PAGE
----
To anybody looking at this picture of a simple coffee mug, it wouldn't seem like anything out of the ordinary except that it's personalized. But it's more than that. To me, it represents 35 years of a big part of my life, my working life. If only a coffee mug could talk. Let us digress...
On Monday, October 16, 1978, (yeah I'm really dating myself!), I started my new job at the Penetanguishene Mental Health Center, or "The Bug House" as we locals sometimes referred to it. It was in fact a provincial psychiatric hospital, one of only a few in the province. A co-worker from my previous job at the Penetang IGA, Perry Leduc, had gotten hired along with me at the PMHC and were set to start on the same day, the same hour and as it would turn out, the same ward. We were both inexperienced, "off the street" (a term I would use repeatedly for years when asked).
When we emerged from the elevator of the Toanche Building onto old Ward 6 that fateful morning, let's just say our eyes were opened wide, an understatement. We were assigned to the geriatric ward, the "psycho"-geriatric ward it was called at that time, where older patients who were either difficult to manage at home or at nursing homes were sent to get them settled with meds, somehow! In that first minute, Perry and I saw patients screaming, some half-dressed, some naked, most seemingly lost as they walked around aimlessly, in obvious and various stages of dementia, many of them angry and hard to control. A few tried to get on the elevator as we got off. Perry and I looked at each other and laughed . . . this was about as far away from the Produce Department of the Penetang IGA as one could get. By a country mile!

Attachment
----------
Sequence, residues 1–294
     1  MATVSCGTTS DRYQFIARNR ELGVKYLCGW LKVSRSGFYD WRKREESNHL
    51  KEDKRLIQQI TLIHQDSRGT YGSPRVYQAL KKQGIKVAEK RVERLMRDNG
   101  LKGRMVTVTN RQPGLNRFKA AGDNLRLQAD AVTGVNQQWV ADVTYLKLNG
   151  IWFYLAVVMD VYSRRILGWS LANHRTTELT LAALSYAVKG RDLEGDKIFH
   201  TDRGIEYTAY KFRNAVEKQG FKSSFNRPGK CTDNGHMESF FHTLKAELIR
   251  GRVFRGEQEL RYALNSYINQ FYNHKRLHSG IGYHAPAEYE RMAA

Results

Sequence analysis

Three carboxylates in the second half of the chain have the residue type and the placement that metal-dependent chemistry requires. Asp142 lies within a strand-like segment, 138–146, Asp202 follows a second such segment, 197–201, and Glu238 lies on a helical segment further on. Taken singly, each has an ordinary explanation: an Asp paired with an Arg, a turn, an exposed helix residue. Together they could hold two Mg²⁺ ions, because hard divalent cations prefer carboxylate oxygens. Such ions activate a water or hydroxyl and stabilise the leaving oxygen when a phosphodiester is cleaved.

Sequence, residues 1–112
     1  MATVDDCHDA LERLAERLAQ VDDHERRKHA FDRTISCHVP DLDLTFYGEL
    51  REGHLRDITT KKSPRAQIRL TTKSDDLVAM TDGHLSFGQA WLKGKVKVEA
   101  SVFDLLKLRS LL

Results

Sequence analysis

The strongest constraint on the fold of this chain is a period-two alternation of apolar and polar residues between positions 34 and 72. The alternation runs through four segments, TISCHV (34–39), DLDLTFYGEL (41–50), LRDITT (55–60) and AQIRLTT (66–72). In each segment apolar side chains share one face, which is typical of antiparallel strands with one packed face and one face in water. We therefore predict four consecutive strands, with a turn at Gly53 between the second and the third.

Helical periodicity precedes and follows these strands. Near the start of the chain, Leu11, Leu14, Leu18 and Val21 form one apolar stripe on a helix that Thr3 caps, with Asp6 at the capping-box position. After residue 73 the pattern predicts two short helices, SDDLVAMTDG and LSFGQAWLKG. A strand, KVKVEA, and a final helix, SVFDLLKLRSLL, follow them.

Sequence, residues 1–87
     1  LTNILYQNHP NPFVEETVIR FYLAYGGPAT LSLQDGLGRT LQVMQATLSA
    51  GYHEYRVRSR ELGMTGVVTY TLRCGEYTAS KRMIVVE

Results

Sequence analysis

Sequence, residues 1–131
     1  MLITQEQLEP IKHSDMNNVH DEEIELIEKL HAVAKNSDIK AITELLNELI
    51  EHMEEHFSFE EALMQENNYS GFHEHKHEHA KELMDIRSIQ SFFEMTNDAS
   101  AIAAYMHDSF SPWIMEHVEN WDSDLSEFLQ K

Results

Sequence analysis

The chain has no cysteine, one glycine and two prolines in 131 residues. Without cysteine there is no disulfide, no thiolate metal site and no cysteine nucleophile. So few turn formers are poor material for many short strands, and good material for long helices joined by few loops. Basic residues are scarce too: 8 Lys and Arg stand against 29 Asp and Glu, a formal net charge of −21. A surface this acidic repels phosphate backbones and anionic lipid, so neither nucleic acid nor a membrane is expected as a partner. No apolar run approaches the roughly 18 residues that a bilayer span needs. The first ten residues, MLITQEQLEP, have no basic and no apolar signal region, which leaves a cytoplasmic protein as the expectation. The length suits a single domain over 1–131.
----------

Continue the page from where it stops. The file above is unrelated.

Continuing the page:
That first morning after we had helped with feeding and bathing and yes, some wrestling with those who didn't want to shave, bathe nor get dressed, this was definitely something I had never done in my life. Later that morning, we stopped for a coffee break. The first thing our assigned staff, Ken Sauve, told Perry and I: "Now you have to go buy yourself a coffee mug, and one with your name on it, so that everyone will know it's yours. It'll be your mug to use." That very night I went to the local Zellers store and did just that.
I eventually took the RPN course and became a psych nurse, and that mug travelled many miles with me. For over thirty-odd years, it travelled with me through different wards, situations, different jobs, fights, dilemmas, celebrations, different co-workers and friends, some girlfriends, some who broke my heart, some good times and bad and certainly lots of laughs. But through it all, I still had my coffee mug from that very first day, okay well, second day.
Like me, it got scratched and weathered but never broken. When I retired, my trusty mug came home with me and I still use it today. Who'd'a thunk it? Every time I use it for a 4.00 a.m. coffee, it brings back so many memories. Oh the stories it could tell! I'll have to tell them one day...